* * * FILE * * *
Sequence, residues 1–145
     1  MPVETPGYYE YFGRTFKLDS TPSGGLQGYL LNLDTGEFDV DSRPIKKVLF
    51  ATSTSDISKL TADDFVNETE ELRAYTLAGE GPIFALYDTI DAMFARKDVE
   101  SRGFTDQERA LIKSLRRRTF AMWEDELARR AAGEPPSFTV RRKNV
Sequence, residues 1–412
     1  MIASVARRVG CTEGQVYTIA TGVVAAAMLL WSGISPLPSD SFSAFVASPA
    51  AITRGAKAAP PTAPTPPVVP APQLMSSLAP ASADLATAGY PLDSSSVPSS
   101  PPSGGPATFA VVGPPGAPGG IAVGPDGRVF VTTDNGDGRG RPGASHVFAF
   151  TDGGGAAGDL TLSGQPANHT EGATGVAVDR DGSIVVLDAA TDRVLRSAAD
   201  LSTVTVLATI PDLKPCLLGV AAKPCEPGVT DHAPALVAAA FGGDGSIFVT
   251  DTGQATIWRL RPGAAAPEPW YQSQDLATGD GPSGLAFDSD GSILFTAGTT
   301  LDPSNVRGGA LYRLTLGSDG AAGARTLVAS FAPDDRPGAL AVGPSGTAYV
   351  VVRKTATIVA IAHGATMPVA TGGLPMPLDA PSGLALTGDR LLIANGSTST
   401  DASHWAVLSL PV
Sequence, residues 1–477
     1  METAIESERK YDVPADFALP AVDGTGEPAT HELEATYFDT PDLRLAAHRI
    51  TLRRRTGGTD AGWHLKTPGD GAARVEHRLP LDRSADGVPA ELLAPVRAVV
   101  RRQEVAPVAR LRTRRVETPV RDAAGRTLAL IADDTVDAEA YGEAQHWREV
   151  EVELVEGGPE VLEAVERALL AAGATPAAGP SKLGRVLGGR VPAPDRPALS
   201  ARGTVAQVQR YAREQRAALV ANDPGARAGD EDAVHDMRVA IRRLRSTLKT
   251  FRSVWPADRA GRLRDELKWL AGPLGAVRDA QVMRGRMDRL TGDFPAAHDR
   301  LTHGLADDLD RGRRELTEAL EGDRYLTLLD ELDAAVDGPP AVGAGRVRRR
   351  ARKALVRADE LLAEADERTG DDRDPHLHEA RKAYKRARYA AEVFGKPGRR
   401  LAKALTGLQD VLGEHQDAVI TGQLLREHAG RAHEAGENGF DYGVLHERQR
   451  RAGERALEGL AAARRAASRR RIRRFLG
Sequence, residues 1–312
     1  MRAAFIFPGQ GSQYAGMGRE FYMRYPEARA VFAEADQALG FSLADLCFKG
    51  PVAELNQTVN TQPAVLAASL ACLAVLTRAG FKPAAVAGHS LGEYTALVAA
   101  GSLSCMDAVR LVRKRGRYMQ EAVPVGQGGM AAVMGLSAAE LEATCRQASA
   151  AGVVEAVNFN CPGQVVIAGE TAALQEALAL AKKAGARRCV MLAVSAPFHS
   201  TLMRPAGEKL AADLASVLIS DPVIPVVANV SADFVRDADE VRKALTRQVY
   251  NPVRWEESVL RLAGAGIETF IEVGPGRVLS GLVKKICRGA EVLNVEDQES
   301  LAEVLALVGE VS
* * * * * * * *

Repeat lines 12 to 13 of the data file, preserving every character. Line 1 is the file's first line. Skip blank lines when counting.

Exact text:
   301  LDPSNVRGGA LYRLTLGSDG AAGARTLVAS FAPDDRPGAL AVGPSGTAYV
   351  VVRKTATIVA IAHGATMPVA TGGLPMPLDA PSGLALTGDR LLIANGSTST